Factors associated with HIV Prognosis in Rural Uganda: Sequence-mining the Medical Record

Authors

  • Mark Velez Department of Biomedical Informatics, Columbia University in the City of New York
  • William Ogallo Columbia University in the City of New York
  • Heather Cole-Lewis Department of Biomedical Informatics, Columbia University in the City of New York
  • Rimma Pivovarov Department of Biomedical Informatics, Columbia University in the City of New York
  • Hojjat Salmasian Department of Biomedical Informatics, Columbia University in the City of New York
  • Emmanuel Atuhairwe Millenium Villages Project, Ruhiira
  • Emmanuel Toko Millenium Villages Project, Ruhiira
  • Noemi Elhadad Department of Biomedical Informatics, Columbia University in the City of New York
  • Andrew Kanter Department of Biomedical Informatics, Columbia University in the City of New York

DOI:

https://doi.org/10.12856/JHIA-2013-v1-i1-64

Abstract

Background and Purpose: With the increased adoption of the electronic health record, data mining emerges as an important technique for the empirical discovery of new knowledge from health data. Itemset sequence mining is a technique that enables the discovery of temporal (ordered) associations between entities in a database. The purpose of this study is to demonstrate the use of itemset sequence mining to discover factors associated with good and poor HIV prognosis amongst a cohort of HIV patients in rural Uganda.

Methods: We obtained a de-identified and date-shifted OpenMRS-based medical dataset from the Millennium Villages Project site in Ruhiira Uganda. The dataset contained the records of 129,080 patients with 5,825,579 observations made in 335,000 encounters between 2008 and 2011. We extracted relevant demographic and clinical variables for all HIV positive patients in the dataset. The extracted cohort was stratified into good and poor prognosis groups. The good prognosis group comprised patients whose modal stages over the duration of follow-up were either WHO stage I or II. The poor prognosis group comprised patients whose modal stages were either WHO stage III or IV. We applied the Sequential Pattern Discovery Equivalence classes (SPADE) algorithm via the arulesSequences package in R (programming language) to discover frequent sequence rules in each group. Pruning strategies were used to filter out sequence rules that were insignificant. Internal validation was done using 10-fold repeated random sub-sampling and only sequence rules common to all folds were assumed to be representative findings. External evaluation was done by two independent researchers who assessed the relevance of the generated sequence rules.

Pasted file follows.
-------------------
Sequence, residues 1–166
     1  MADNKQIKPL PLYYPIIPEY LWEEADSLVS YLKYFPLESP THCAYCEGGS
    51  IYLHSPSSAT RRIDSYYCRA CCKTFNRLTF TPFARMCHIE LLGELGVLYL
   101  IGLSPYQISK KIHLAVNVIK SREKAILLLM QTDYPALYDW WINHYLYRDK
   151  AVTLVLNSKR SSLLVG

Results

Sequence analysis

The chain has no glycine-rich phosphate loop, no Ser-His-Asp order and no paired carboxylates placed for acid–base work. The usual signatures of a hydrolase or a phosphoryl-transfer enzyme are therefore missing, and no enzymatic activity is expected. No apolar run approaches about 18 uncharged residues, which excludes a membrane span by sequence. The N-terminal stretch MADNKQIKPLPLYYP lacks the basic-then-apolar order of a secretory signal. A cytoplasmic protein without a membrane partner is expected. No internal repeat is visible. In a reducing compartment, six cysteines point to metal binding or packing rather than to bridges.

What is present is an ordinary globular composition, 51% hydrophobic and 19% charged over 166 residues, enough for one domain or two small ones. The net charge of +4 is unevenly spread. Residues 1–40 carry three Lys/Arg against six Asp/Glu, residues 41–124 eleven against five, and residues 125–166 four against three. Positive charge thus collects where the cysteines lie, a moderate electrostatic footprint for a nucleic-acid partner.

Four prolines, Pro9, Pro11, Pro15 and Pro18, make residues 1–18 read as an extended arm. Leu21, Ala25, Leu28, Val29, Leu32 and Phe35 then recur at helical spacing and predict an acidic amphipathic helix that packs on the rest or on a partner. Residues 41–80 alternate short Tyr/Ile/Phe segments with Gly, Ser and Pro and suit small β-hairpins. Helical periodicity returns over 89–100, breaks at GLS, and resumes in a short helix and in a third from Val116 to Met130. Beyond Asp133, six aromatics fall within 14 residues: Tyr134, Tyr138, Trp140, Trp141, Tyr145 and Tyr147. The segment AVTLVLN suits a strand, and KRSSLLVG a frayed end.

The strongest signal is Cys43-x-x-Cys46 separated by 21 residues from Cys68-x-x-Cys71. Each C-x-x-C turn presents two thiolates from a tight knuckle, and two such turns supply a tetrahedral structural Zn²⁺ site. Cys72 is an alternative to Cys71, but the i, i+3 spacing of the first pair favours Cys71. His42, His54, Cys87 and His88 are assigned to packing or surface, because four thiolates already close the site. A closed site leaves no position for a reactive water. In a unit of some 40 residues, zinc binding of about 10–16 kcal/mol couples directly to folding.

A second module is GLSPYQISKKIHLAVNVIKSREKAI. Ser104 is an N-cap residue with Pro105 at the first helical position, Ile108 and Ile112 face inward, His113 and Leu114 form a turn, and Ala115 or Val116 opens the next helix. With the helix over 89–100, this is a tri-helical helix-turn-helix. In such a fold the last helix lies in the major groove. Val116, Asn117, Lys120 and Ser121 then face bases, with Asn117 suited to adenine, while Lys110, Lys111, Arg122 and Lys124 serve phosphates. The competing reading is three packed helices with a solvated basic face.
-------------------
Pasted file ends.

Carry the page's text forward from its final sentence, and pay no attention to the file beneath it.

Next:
Results: A total of 3,353 records pertaining to HIV positive patients were extracted from the dataset. The good and poor prognosis groups contained of 1,441 patients and475 patients respectively. 18 sequence rules in the good prognosis group and 14 sequence rules in the poor prognosis group were obtained. The external evaluation of these sequence rules was conflicted, with an inter-rater agreement by Cohen’s Kappa being 32% (poor) for the good prognosis rules and 57.1% for the poor prognosis rules. The good prognosis group was associated with having a normal body mass index, being single or married, being diagnosed with urinary tract infections, and having signs and symptoms of fever and headache. The patients in this group were more likely to be newly diagnosed and less likely to be on antiretroviral therapy. The poor prognosis group was associated with being underweight, being widowed or divorced, and being diagnosed with respiratory tract infections. The patients in this group were more likely to be in the WHO stage III and reported the HIV status of their partners as either positive or unknown.

Conclusions: Our study suggests that sequence mining may indeed substantiate known associations as well as generate useful hypotheses concerning HIV prognosis. Further investigations using larger and more diverse datasets are warranted.

Keywords: HIV Prognosis, Sequence Mining, Rural Uganda

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Author Biography

William Ogallo, Columbia University in the City of New York

Department of Biomedical Informatics, Columbia University in the City of New York

Published

2013-09-22

How to Cite

Velez, M., Ogallo, W., Cole-Lewis, H., Pivovarov, R., Salmasian, H., Atuhairwe, E., Toko, E., Elhadad, N., & Kanter, A. (2013). Factors associated with HIV Prognosis in Rural Uganda: Sequence-mining the Medical Record. Journal of Health Informatics in Africa, 1(1). https://doi.org/10.12856/JHIA-2013-v1-i1-64

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